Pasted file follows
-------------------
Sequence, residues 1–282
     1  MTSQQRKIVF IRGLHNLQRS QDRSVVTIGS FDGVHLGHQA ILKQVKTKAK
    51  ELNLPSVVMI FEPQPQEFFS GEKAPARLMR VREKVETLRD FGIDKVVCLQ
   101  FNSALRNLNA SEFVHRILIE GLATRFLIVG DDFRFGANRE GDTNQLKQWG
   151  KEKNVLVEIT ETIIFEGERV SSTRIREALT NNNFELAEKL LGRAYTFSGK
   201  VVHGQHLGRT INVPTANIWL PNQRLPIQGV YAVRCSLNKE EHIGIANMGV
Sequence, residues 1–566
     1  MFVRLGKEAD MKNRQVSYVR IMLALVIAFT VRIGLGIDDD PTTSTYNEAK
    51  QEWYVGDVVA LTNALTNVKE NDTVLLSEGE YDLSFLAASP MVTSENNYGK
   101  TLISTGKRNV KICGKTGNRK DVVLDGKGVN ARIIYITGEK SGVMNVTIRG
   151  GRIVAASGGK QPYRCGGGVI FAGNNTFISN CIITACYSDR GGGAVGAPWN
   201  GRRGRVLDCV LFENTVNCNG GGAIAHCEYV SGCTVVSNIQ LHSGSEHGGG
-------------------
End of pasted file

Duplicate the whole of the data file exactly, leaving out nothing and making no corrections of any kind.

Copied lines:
Sequence, residues 1–282
     1  MTSQQRKIVF IRGLHNLQRS QDRSVVTIGS FDGVHLGHQA ILKQVKTKAK
    51  ELNLPSVVMI FEPQPQEFFS GEKAPARLMR VREKVETLRD FGIDKVVCLQ
   101  FNSALRNLNA SEFVHRILIE GLATRFLIVG DDFRFGANRE GDTNQLKQWG
   151  KEKNVLVEIT ETIIFEGERV SSTRIREALT NNNFELAEKL LGRAYTFSGK
   201  VVHGQHLGRT INVPTANIWL PNQRLPIQGV YAVRCSLNKE EHIGIANMGV
Sequence, residues 1–566
     1  MFVRLGKEAD MKNRQVSYVR IMLALVIAFT VRIGLGIDDD PTTSTYNEAK
    51  QEWYVGDVVA LTNALTNVKE NDTVLLSEGE YDLSFLAASP MVTSENNYGK
   101  TLISTGKRNV KICGKTGNRK DVVLDGKGVN ARIIYITGEK SGVMNVTIRG
   151  GRIVAASGGK QPYRCGGGVI FAGNNTFISN CIITACYSDR GGGAVGAPWN
   201  GRRGRVLDCV LFENTVNCNG GGAIAHCEYV SGCTVVSNIQ LHSGSEHGGG